I've been a stepmother now for a little over 2 months. Certainly it has been an adjustment. I was fortunate enough to have spent a lot of time with Josh & Caleb on our own before my marriage. I'd taken care of them for whole weekends because of Kenn's work schedule. We had a pretty solid foundation, and I was perhaps a bit too confident about the ease of the adjustment.
It was an adjustment becoming a full time stepmom. Of course it was an adjustment. Writing it out seems so silly, like duh, everyone knows this. And I did know it on one level. Experiencing the change from you are responsible to and for yourself to you are responsible for 2 children and to them is rather daunting however. The weight of knowing that I help shape who my boys will grow up to be is not as heavy as I imagined. Make no mistakes, it is heavy; it is not crushing, though, as I've often heard.
Instead, it is pervasive, always there.
When I mess up, and I feel as though I mess up all the time, the voice in my head telling me I just screwed up? It is not yelling. It speaks quietly, firmly. It is worse that way. I am not proud of some of the ways I've handled disagreements, negotiations, and discipline. I have said no too many times. Honestly, last week I felt as though I'd made a huge mistake, interferring in these boys' lives, as though they'd be better without me.
And then this week happened, and I came through the major adjustment period, finally cutting through the fog. This is natural for me. I have a cycle that I go through with any major life change. The first couple of weeks I am happy, I am dealing. Then slowly, the hard things seem more like hard things, and I struggle. It is worst right before it lifts. I don't know why I have this cycle; honestly, I'm not looking to know right now. I have been through it going to Budapest, coming home from Budapest, moving to the apartment with friends, moving back home. To a lesser extent, getting married was that way, which is another post.
But back to the point. This week happened. And I feel more natural. These children are mine, though they are not mine, and I am not surprised by that anymore. I am not surprised by how little privacy I have anymore. And I can say yes more. I want to say yes to lots of little, unimportant things so the no's I will have to say carry some importance.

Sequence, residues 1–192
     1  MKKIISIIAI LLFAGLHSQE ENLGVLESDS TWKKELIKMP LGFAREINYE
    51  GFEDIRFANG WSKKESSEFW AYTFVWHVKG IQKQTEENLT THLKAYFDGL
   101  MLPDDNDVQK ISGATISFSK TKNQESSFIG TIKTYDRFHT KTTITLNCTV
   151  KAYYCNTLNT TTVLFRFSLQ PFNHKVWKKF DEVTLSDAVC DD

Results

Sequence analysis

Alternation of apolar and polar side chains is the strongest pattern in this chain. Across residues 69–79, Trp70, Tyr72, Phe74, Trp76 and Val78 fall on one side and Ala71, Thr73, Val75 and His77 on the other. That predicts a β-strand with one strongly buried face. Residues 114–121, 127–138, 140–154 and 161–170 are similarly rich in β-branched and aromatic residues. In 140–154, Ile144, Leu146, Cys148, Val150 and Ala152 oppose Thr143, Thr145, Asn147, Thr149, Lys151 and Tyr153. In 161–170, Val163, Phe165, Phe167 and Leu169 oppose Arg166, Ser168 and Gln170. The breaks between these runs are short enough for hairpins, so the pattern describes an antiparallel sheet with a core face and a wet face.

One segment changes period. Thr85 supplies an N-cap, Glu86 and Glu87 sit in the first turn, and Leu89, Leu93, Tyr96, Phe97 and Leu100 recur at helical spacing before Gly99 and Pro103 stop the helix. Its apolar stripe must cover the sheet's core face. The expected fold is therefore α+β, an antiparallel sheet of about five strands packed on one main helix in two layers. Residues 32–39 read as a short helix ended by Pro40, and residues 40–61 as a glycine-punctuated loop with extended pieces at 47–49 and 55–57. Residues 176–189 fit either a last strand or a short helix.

I have to be now who I want them to be later. I have to be thankful. I have to be considerate of others. I have to be selfless. I have to be devoted to God. I have to be generous. I have to be a hundred other things, and it is not only for me that I have to be those things. It is for them.
It is for Josh and Caleb, who cleaned up the living room for me before I got home yesterday. Where did they learn that sort of kindness? I want them to keep it. I don't know where they learned it, but I can return it. I can return it by doing their laundry and cooking their meals with a happy heart. They are chores, yes, but they are chores that can be used as gifts.
It is time to wrap up these ramblings. Most people have nine months to prepare for being a parent. I had time as well, but no one really tells you how to prepare for suddenly being a parent of an 8 year old and a 6 year old. When babies are born, they begin inside the mother, and a piece of them always remains. Josh and Caleb, you were never inside of me, and you are not biologically mine. I am not your mother; you have one whom you love. But you are in me now, and I will never lose that. I am your stepmother, and we love each other, but I don't know how a stepmother loves differently than a mother. Because, to me, you are mine. You two, your dad, and me? Not a mistake.